Academic journal article School Libraries Worldwide

Evidence-Based Practice: A Practice towards Leadership Credibility among School Librarians

Academic journal article School Libraries Worldwide

Evidence-Based Practice: A Practice towards Leadership Credibility among School Librarians

Article excerpt

This paper examines the potential influence of evidence-based practice (EBP) in school libraries in affirming the role of the school librarian as leader. We begin with an examination of the most recently added role of effective school librarians, that of leader, and provide an overview of the current interpretation of this role. We then proceed with an introduction to the use of EBPs in school libraries, with an emphasis on the relationship of EBPs to student achievement. We articulate a potential relationship of EBP to building leadership credibility among school librarians by presenting examples of the use of EBP in linking student achievement to school library programs.

Introduction

In 2009, Empowering Learners: Guidelines for School Library Media Programs (AASL, 2009) formally introduced the role of leader for school librarians. Though leadership had been a focus for librarianship in previous standards (AASL & AECT, 1998), this focus as a primary role to encompass all others was a new stride. School librarians were not just to see themselves as partners and collaborators, but a model and example for other teachers in teaching and learning, particularly in the areas of reading, technology, and curriculum collaboration (Dees et al., 2007; Everhart, 2007).

As school librarians begin to focus increasingly on their role as leader, almost in parallel, has been movement toward evidence-based practice (EBP) in school librarianship. School librarians are focusing less on the need to collect statistics on school library media program outcomes and more on student outcomes and how teaching information literacy is of benefit to student achievement (Geitgey & Tepe, 2007; Gordon & Todd, 2009). As accountability and assessment become increasingly pervasive in teaching and learning, school librarians must be able to show the effect their programs have on student outcomes. They must show evidence of their practice and the ways in which their practice affects their students.

These two phenomena - the focused prominence of the leader designation to school librarians and the awareness of EBP and its importance in school librarianship - should not be treated separately. School librarians can demonstrate leadership through EBP. By providing artifacts of collaborative work; assessments on information literacy; and portfolios of student progress on other offered programmatic elements in school library programs; school librarians can demonstrate their effectiveness and abilities as leaders in schools in increasing student achievement. In this paper, current research and understanding of both leadership and EBP will be discussed. Two case studies are described as examples of how EBP can provide a demonstration of leadership by school librarians and how that evidence can affect future practice.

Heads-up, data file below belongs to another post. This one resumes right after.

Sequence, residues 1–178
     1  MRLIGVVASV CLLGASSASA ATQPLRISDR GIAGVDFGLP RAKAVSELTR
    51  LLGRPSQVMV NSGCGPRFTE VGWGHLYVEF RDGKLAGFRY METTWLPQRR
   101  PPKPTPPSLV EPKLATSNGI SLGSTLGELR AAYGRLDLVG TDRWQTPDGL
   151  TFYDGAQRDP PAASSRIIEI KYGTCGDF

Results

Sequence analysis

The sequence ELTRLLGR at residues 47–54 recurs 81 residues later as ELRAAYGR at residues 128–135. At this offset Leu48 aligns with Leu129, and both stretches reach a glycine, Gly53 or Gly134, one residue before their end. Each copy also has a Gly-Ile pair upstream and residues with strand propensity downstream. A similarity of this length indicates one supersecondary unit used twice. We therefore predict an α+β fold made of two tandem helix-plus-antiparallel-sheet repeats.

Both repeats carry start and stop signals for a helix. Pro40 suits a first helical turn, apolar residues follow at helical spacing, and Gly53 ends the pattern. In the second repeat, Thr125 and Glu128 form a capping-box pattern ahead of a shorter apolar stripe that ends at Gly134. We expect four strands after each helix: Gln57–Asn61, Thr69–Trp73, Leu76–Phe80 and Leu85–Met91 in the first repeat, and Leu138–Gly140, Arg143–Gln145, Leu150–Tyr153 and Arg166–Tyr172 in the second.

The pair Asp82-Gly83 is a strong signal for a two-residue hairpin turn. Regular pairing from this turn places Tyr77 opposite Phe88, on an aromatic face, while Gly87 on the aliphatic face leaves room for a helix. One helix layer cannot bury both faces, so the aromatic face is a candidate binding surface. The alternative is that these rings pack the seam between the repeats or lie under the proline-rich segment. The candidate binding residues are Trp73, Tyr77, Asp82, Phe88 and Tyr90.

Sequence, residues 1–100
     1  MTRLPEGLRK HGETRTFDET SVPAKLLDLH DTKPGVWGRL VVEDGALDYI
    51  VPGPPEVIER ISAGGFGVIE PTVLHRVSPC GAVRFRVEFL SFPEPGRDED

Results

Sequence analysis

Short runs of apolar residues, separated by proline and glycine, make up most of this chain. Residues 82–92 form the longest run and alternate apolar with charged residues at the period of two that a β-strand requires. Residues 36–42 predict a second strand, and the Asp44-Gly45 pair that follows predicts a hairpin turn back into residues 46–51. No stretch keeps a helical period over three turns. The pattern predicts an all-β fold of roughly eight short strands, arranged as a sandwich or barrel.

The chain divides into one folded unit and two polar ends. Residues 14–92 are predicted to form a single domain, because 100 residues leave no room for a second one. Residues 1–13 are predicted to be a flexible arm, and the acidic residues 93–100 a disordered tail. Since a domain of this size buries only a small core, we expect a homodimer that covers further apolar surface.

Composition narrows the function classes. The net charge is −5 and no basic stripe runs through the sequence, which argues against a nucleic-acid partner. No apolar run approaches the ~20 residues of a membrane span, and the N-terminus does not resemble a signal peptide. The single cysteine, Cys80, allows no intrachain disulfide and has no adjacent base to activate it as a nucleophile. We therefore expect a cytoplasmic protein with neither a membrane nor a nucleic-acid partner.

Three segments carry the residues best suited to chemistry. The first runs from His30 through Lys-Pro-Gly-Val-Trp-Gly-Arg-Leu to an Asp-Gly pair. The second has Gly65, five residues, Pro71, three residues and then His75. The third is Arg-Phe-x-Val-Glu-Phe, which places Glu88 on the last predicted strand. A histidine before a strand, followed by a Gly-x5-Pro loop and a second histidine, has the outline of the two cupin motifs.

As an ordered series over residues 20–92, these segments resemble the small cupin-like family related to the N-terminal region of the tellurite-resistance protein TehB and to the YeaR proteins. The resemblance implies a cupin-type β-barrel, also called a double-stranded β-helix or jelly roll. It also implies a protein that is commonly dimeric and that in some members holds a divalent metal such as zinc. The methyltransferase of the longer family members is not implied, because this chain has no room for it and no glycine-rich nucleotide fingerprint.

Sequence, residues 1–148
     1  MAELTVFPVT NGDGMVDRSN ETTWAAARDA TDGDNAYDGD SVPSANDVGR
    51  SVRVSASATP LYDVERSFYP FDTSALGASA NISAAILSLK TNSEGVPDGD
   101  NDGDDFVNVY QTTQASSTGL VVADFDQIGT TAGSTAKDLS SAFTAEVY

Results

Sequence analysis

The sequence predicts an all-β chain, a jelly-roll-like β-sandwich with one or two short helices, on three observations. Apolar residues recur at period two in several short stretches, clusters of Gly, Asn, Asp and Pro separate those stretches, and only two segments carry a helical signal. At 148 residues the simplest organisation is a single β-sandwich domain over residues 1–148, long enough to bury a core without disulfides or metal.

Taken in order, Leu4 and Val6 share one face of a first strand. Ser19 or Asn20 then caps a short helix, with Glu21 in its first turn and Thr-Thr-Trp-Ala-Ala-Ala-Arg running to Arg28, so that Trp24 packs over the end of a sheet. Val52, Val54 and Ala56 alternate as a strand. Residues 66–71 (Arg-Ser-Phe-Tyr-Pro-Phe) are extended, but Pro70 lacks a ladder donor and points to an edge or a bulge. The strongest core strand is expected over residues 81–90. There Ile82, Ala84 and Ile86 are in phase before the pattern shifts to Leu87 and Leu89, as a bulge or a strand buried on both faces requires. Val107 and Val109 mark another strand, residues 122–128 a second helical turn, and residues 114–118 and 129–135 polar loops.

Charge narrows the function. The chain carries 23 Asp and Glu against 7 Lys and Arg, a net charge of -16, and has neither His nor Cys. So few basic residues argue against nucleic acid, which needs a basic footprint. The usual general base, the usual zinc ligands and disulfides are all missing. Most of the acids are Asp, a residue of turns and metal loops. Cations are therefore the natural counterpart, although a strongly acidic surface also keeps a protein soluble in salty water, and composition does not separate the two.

Leadership

The leadership responsibilities of school librarians were a focus of professional guidelines before the introduction of leader as a formal role in Empowering Learners: Guidelines for School Library Media Programs (AASL, 2009). In Information Power: Building Partnerships for Learning (AASL & AECT, 1998), school librarians were encouraged to demonstrate leadership in collaboration with other teachers through building teams for learning, promoting and providing professional development, and by recruiting others into the profession. In Information Power, leadership is a part of the underlying vision of the school library program that affects all the roles of school librarians:

Leadership for the library media specialist involves 'leading from the middle' as well as assuming more visible, proactive leadership roles. This type of leadership includes coaching others to do for themselves, acting as a sounding board for key decision-makers bringing people together, and taking the risk of leading when the opportunity arises. (p. 53)

School librarians were to demonstrate leadership through collaboration with others and as the primary advocate and user of technology resources in the school (AASL & AECT, 1998). …

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